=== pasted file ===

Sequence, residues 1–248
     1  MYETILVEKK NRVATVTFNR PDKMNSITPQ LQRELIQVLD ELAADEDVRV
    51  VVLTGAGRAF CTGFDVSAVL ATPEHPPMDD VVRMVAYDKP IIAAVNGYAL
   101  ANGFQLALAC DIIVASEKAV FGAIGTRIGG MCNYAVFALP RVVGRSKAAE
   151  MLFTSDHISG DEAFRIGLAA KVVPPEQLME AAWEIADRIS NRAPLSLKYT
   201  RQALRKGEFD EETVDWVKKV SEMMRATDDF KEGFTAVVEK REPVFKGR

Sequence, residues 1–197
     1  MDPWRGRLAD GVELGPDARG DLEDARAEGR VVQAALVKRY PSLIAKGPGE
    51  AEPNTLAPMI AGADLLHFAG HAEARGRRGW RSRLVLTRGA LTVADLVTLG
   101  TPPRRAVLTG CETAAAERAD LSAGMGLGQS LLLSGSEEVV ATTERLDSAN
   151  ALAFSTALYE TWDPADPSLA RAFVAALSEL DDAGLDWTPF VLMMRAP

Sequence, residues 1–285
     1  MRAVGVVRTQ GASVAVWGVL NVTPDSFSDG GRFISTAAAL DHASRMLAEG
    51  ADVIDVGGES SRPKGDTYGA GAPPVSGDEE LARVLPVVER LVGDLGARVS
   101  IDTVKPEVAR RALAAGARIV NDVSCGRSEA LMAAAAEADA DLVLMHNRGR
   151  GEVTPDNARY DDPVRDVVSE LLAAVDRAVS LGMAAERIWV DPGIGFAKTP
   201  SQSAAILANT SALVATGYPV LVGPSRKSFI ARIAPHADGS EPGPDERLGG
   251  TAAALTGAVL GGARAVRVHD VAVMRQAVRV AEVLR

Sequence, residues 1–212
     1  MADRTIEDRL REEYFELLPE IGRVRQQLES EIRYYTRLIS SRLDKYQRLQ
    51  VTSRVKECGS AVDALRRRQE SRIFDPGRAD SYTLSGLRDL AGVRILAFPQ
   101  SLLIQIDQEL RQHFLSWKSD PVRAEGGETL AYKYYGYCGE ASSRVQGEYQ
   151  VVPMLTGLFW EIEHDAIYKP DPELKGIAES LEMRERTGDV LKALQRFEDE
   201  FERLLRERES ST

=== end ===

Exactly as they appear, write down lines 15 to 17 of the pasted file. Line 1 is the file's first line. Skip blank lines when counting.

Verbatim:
   101  IDTVKPEVAR RALAAGARIV NDVSCGRSEA LMAAAAEADA DLVLMHNRGR
   151  GEVTPDNARY DDPVRDVVSE LLAAVDRAVS LGMAAERIWV DPGIGFAKTP
   201  SQSAAILANT SALVATGYPV LVGPSRKSFI ARIAPHADGS EPGPDERLGG